Intro & Tip 1: Find the Right Car
Unless you’re buying a car from your dad or sister-in-law, you will need to do a bit of negotiating to get the best price. Don’t worry though – this can (and should) be a friendly, pain-free process. Negotiating a car price can even be quite fun, especially when you think back on the great deal you got on your new ride!
Whether you’re a seasoned haggler or a negotiating novice, just remember these six points to guarantee that you’ll get a good car at a good price.
- Tip 1: Find the Right Car — Head to the Dealership
- Tip 2: Determine the ‘True’ Value of the Vehicle
- Tip 3: Get a Sense of the Seller
- Tip 4: Check the History and Condition of the Car
- Tip 5: Close the Deal
- Tip 6: Financing and Trade-ins
Tip 1: Find the Right Car — Head to the Dealership
This may seem obvious. Of course you need to find a car before you can negotiate for it! But there are two mistakes that most car shoppers make at this point: saying too much, and buying too soon.
We certainly encourage having a thorough look around dealerships before you decide what car you want (even if you’re planning on buying privately). Nothing helps narrow things down like seeing a bunch of cars in person. But it’s important not to say too much. It’s perfectly acceptable to tell the dealer that at this point you don’t even know what kind of car you want – you’re just looking around to get an idea of what you might want for your next car.
That way they know you’re not going to be buying a car today, so you’re not wasting their time and distracting them from a potential sale. It should also keep any pressure to a minimum, allowing you to browse and narrow down your options at your leisure.
Of course, it is okay to get the assistance of the salesperson; just keep things general.
You might say…
- “What do you have as far as compact, four-door sedans?”
- “I like the Toyota Rav4 and would like to consider similar alternatives. Do you have anything like that?” (Hint: the answer will always be “yes”. :) )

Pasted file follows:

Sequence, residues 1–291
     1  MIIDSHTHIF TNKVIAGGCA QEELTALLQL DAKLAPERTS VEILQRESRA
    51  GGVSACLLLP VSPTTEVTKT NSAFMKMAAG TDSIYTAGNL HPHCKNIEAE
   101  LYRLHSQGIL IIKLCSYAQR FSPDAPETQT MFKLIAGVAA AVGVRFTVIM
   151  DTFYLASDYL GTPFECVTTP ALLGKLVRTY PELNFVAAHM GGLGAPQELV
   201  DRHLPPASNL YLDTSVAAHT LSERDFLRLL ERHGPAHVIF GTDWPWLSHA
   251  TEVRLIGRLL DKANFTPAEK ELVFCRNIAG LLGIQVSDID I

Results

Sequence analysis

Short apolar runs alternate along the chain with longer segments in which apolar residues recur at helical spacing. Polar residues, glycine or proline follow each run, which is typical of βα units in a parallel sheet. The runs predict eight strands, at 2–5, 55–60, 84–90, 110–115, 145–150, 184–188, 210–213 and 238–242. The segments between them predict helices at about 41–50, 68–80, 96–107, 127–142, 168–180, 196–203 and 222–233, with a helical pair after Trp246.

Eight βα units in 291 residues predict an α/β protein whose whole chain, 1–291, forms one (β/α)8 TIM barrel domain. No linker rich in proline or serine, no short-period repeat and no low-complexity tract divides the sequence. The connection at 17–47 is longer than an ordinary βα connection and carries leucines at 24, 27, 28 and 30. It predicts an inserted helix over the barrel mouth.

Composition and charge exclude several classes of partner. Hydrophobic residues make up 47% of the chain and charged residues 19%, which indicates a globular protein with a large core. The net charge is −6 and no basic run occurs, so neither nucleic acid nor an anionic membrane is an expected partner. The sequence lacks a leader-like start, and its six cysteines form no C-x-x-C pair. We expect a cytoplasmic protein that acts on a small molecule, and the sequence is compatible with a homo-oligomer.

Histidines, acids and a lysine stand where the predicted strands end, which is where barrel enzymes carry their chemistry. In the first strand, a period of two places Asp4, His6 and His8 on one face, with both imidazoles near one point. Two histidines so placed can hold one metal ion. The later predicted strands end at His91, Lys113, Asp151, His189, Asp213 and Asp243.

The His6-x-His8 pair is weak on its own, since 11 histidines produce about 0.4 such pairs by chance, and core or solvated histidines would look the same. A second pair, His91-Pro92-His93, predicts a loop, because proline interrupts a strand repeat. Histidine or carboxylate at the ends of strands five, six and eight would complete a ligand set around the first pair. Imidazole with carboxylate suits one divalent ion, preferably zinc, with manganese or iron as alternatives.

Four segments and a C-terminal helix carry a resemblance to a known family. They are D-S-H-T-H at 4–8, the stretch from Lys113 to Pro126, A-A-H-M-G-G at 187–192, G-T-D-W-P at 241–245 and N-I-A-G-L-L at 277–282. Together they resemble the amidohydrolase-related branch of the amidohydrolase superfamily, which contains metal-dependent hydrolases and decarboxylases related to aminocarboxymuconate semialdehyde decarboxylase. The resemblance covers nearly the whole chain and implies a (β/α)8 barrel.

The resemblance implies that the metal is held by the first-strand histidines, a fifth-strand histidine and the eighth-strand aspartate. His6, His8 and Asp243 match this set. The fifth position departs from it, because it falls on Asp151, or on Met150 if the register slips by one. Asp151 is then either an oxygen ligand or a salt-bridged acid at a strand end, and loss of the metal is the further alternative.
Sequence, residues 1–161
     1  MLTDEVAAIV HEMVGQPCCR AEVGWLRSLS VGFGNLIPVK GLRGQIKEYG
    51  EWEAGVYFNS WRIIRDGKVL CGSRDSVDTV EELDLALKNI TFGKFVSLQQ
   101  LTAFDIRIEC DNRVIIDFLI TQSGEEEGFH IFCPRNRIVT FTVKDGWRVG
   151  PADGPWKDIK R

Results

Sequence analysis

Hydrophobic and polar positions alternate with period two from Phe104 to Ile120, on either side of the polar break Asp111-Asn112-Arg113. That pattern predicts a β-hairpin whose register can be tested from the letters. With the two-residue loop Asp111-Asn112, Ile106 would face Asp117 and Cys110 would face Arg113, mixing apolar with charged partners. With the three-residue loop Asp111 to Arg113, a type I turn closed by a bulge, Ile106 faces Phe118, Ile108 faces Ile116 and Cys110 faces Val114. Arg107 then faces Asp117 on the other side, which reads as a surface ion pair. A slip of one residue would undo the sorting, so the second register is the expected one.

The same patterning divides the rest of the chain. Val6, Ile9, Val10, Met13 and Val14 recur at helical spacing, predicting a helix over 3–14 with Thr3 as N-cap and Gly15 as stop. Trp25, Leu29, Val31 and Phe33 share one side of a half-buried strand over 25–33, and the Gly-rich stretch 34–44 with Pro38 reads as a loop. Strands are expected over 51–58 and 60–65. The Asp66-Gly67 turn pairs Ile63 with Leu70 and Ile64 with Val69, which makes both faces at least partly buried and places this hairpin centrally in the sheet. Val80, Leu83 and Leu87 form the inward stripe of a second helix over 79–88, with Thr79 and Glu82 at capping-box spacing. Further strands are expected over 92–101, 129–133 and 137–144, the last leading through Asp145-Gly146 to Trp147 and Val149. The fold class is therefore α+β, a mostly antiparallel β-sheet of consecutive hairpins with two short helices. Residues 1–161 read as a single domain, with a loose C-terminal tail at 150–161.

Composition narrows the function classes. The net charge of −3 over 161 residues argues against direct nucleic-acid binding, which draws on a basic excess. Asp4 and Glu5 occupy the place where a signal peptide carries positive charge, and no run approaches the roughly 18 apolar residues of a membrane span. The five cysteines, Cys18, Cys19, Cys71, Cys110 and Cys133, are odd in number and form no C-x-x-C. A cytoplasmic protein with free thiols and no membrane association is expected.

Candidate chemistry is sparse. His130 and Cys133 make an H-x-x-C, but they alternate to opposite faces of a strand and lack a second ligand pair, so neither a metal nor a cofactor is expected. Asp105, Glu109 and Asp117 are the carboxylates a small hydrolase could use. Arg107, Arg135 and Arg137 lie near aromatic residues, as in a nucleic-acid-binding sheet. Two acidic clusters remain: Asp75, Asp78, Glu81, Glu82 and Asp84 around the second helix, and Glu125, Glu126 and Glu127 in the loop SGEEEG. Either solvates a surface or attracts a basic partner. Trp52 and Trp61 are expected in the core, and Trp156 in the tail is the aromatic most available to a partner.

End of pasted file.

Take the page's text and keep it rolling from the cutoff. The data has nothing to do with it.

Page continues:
Questions to avoid would be things like…
- I don’t want to spend more than $10,000. What do you have in that range?
- I’m planning on trading in my 2006 F-150. How much could I get for it?
- What are the monthly payments on this new 3-Series?
These questions will come up later in the process. For now, you don’t want to ask (or say) anything that gives away your intentions, including your budget, whether (and what) you plan to trade in, whether you will be leasing, financing, or buying outright, and exactly when you plan to buy (it’s fine to just say ‘not immediately’, or ‘within a few months’). You want to honestly show that you do plan to buy a car and aren’t wasting their time, but you won’t be buying immediately.
And you don’t want to buy immediately! If these steps guarantee you get a good deal, a sure way to guarantee you get a bad deal is to go to a dealership and buy a car (or even put down a refundable deposit) without knowing in advance exactly what car you will buy and for how much.
Finally, remember to be friendly at this stage. If you end up buying from a dealership, you will likely be interacting with the future seller of your car now. Be polite. Don’t monopolize their time if they have other customers, and get the card of the salesperson you talk to so that you can ask for them in the future (and so they can get your eventual commission if you buy there). Car dealers are generally decent people, just like you, and you’ll do far better being friendly and respectful than adversarial.
- Page 1: Intro & Tip 1: Find the Right Car
- Page 2: Tip 2: Determine the ‘True’ Value of the Vehicle
- Page 3: Tip 3: Get a Sense of the Seller
- Page 4: Tip 4: Check the History and Condition of the Car
- Page 5: Tip 5: Close the Deal
- Page 6: Tip 6: Financing and Trade-ins
- Page 7: Car Negotiation Recap